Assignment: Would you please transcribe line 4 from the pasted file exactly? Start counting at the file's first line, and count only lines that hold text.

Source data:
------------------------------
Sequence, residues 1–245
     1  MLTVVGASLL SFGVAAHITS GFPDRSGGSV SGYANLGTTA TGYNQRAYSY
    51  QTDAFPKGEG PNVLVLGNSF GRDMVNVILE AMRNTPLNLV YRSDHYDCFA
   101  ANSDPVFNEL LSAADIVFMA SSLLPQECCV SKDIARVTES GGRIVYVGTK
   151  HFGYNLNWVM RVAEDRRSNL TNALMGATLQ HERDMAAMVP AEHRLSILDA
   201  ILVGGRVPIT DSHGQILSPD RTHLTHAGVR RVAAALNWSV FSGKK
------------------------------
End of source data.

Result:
   101  ANSDPVFNEL LSAADIVFMA SSLLPQECCV SKDIARVTES GGRIVYVGTK